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Feeney, Warren (Hg.): Gruesome! The Influence of Comics on Contemporary New Zealand Artists. Christchurch: McDougall Contemporary Art Annex, 1999. (35 S.)
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|Resource type: Book
ID no. (ISBN etc.): 0908874502
BibTeX citation key: Feeney1999a
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Keywords: Aufsatzsammlung, Ausstellungskatalog, Bildband, Comics in Kunst, Kunst, Neuseeland
Publisher: McDougall Contemporary Art Annex (Christchurch)
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Exploring the dynamics of high and low art through the impact of the comic book on the world of fine art. Gruesome! contends that the comic book has enriched high art through its capacity to belittle the pretensions of ‘serious’ art, providing welcome access to a popular audience. Furthermore, the contempt that comics have received from critics has worked in their favour, imbuing the genre with an aura of dissidence which has attracted the admiration and attention of a number of local artists.
An exhibition curated by Warren Feeney in association with the Robert McDougall Art Gallery, Gruesome! explores the dynamics of high and low art through the impact of the comic book on the world of fine art. The disdain and contempt with which critics and scholars of serious art have viewed the aesthetics of the comic from the 1950s until now is contrasted with the response of those artists who have utilized this popular format for a number of reasons in their own work. Although writers such as A.R.D. Fairburn and Wystan Curnow have repudiated comic aesthetics, the comic book has surfaced regularly as an influence upon post-war New Zealand art, establishing a tension between high and low styles that artists have often willingly embraced.
Gruesome! also recognises the respect and serious commentary that the comic book has increasingly received since the mid-1980s. American critics such as Scott McLeod [sic] have sought to establish a definition of comic book aesthetics. How are they different from other art forms like cinema and painting? Recognition of the particular aesthetics of the comic provides a new perspective and framework through which the work of a number of contemporary New Zealand artists can be examined.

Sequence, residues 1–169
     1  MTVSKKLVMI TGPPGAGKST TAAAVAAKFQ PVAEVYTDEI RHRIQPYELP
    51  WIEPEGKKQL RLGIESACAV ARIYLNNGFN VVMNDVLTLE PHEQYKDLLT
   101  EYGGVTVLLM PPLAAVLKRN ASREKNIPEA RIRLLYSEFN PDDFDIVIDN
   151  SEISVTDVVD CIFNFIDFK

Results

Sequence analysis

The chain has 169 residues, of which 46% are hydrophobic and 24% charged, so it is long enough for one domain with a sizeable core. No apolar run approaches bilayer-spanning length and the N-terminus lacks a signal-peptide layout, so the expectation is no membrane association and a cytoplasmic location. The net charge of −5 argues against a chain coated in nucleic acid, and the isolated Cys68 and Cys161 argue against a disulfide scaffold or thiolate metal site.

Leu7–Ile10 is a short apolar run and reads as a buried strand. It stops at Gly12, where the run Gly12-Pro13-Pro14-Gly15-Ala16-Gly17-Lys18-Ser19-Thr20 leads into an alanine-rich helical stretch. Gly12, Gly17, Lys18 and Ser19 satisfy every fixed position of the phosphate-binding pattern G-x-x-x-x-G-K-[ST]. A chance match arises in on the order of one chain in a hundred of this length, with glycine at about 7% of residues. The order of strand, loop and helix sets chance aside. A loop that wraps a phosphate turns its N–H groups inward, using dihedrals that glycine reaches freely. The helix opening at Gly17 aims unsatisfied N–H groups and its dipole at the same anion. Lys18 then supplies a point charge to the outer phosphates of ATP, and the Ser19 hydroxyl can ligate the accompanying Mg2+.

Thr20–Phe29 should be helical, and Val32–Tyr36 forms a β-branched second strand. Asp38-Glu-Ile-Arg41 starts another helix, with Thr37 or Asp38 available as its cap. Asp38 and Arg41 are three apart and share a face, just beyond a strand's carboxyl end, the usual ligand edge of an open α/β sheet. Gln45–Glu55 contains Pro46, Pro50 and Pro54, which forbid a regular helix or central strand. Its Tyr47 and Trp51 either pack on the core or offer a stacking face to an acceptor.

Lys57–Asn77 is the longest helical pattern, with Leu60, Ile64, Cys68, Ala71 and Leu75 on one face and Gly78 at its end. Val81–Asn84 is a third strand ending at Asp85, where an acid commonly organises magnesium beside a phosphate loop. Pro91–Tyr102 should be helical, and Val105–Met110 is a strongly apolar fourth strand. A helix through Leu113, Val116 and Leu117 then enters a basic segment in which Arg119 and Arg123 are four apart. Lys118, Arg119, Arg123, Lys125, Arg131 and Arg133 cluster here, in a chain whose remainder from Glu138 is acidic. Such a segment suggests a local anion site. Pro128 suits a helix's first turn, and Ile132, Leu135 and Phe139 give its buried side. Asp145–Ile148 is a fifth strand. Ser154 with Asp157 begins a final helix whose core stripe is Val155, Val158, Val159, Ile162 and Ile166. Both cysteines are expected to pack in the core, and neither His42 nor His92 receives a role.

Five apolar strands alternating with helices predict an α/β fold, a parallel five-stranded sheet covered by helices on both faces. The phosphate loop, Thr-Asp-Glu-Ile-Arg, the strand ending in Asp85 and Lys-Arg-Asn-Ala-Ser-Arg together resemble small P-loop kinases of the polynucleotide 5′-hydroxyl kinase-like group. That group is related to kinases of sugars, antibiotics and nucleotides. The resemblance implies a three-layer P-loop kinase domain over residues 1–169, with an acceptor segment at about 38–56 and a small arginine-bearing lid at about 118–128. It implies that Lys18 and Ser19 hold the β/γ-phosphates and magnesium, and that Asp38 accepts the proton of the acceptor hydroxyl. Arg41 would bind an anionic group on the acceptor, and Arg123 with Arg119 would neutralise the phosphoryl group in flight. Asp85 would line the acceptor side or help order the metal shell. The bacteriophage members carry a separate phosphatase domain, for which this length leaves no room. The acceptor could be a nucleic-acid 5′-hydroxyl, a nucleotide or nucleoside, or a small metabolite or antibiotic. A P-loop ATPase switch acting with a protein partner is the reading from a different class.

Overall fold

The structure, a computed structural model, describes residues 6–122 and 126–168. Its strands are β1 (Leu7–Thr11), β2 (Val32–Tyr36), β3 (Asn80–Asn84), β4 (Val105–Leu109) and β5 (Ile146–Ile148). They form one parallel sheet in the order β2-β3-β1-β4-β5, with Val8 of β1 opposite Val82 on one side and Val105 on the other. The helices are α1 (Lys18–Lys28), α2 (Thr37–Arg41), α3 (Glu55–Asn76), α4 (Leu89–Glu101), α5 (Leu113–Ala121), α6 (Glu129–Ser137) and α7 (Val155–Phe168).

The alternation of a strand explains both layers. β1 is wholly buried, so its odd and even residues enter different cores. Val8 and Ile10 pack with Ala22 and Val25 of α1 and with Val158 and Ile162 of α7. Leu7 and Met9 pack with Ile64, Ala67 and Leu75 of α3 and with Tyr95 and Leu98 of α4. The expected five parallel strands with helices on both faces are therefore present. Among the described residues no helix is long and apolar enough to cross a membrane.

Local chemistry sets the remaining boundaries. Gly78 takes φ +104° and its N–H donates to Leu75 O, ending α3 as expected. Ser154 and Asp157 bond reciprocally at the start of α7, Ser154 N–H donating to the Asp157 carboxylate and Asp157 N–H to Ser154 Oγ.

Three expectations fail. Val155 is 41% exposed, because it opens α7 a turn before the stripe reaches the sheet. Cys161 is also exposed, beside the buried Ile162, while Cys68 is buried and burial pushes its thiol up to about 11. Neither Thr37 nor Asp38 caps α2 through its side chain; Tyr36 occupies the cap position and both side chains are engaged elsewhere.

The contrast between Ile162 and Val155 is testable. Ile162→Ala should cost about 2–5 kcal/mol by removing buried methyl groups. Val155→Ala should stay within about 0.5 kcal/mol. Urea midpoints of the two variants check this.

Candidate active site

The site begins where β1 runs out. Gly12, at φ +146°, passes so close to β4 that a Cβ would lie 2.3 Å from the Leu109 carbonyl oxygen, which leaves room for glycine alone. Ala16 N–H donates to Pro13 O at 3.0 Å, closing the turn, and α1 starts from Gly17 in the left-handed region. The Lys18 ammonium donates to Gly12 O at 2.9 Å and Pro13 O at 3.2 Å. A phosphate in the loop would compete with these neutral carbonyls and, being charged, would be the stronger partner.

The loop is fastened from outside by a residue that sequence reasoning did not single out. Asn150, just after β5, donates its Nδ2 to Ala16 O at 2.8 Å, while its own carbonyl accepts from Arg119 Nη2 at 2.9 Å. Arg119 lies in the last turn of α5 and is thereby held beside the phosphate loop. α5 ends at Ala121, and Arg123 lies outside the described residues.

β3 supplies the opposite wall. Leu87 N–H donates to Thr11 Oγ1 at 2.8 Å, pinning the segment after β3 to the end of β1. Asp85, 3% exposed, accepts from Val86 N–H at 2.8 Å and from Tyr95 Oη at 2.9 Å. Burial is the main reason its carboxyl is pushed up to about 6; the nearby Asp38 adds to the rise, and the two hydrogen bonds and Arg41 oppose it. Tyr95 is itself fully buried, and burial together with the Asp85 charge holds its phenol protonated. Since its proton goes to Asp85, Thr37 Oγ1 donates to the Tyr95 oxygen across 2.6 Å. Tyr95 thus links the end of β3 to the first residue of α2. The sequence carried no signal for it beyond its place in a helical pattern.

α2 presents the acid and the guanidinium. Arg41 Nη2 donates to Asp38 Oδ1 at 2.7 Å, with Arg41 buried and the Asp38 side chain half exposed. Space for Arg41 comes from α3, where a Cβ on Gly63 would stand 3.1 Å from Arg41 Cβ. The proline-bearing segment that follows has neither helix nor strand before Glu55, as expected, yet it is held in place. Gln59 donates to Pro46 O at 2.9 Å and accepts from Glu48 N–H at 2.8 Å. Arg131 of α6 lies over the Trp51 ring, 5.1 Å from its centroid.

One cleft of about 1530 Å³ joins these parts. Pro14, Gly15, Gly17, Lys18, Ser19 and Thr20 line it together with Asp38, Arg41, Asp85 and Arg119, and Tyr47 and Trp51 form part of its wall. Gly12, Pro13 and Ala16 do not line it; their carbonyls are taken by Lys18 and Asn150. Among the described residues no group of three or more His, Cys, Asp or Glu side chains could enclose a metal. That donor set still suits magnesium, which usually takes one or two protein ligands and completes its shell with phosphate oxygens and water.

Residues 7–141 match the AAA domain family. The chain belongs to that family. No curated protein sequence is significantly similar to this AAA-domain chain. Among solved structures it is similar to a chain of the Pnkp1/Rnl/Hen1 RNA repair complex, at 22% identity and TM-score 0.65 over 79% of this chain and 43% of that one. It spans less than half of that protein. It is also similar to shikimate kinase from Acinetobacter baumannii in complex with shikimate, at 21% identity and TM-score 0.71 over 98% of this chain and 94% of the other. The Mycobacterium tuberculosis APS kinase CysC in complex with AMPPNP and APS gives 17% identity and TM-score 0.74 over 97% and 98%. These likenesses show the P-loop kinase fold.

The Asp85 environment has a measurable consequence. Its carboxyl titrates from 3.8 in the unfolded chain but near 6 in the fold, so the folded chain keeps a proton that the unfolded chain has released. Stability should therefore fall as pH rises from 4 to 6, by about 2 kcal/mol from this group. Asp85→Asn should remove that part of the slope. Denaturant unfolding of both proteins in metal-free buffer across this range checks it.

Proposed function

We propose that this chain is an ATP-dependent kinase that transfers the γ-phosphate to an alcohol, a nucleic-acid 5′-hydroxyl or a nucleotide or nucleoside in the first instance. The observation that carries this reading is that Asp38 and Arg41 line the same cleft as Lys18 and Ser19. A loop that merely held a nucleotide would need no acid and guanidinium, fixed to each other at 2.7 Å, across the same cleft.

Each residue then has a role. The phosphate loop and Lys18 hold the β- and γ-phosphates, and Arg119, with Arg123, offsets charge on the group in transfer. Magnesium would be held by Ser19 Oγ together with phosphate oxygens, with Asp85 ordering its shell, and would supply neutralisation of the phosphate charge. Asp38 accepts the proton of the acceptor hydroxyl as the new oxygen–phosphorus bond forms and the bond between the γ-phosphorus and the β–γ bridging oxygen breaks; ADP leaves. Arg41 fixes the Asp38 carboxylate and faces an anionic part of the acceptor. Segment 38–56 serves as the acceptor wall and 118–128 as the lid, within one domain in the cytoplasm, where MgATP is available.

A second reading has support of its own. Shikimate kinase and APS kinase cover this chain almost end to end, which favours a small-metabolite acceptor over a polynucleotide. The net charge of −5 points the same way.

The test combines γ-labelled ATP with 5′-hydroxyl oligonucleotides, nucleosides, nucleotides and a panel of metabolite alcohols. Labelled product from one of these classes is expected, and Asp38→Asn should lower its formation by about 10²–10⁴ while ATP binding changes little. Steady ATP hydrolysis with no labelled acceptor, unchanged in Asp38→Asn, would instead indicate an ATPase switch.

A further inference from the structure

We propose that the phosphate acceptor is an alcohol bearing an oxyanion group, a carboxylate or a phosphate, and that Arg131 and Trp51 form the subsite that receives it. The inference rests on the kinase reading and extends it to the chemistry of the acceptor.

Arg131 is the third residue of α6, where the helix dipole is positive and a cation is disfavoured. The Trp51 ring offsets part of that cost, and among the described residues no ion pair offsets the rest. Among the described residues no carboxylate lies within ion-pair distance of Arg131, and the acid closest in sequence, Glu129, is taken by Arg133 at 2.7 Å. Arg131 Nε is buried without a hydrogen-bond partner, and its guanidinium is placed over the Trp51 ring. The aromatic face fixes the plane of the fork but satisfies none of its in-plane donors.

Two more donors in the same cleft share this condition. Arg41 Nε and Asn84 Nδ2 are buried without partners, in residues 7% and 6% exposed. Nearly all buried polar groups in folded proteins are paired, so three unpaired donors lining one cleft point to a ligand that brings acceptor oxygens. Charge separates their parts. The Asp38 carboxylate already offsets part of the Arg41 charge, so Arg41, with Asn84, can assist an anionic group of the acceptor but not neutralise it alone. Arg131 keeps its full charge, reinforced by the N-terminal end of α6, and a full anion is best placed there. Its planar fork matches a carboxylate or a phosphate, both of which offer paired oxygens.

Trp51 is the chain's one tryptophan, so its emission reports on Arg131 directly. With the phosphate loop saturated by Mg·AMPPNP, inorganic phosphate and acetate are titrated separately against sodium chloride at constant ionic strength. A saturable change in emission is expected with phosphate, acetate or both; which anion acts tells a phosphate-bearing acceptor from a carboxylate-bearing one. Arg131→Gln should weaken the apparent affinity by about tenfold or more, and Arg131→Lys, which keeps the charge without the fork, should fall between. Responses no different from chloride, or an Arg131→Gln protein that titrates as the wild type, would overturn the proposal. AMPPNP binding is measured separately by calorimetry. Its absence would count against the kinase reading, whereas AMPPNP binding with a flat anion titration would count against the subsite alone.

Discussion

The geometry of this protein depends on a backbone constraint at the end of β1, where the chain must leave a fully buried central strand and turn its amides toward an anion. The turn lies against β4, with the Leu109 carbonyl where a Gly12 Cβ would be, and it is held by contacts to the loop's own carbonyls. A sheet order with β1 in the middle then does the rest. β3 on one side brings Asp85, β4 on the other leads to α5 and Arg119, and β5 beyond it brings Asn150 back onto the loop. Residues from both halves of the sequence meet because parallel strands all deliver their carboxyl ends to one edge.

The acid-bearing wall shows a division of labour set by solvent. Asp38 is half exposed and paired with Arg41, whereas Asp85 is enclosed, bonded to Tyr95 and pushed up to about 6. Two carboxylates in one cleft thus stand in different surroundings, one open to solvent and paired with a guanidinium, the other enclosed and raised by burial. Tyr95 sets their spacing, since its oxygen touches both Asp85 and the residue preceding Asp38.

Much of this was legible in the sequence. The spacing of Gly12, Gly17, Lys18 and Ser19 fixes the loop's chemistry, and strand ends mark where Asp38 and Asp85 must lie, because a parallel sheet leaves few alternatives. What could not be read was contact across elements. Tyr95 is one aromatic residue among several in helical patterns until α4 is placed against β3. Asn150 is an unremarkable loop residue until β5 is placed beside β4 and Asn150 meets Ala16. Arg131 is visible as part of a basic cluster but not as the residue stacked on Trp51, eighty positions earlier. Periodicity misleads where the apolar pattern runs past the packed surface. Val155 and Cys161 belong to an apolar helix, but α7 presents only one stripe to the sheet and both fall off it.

The use of comic devices such as word balloons, closure and the frame, is explored within the work of a range of artists including Dick Frizzell, Violet Faigan, Mark Braunias, Tom Kreisler, Paul Radford, Tony de Lautour, Nicola Jackson, James Robinson, Jimmy Cooper, Saskia Leek and Peter Robinson.
Gruesome! contends that the comic book has enriched high art through its capacity to belittle the pretensions of ‘serious’ art, providing welcome access to a popular audience. Furthermore, the contempt that comics have received from critics has worked in their favour, imbuing the genre with an aura of dissidence which has attracted the admiration and attention of a number of local artists. It is this tension which has enlivened the work of Bill Hammond, Jason Greig and Gavin Chilcott, all of whom are represented in the exhibition.
In addition to these themes, Gruesome! also explores the aesthetic of sequential art from the perspective of the comic book fan. Comic artist and historian, Tim Bollinger, argues for the respect due to this popular genre and against the pretensions of ‘real’ art in an essay drawn, in comic form, for the exhibition catalogue. In an interview entitled ‘Art is Easy: Comics are Hard’ Auckland comic book artist Renee Jones speaks with artists Saskia Leek and Violet Faigan about the role comics have played in their art practice.
Table of Contents
Warren Feeney: Born Under a Bad Sign
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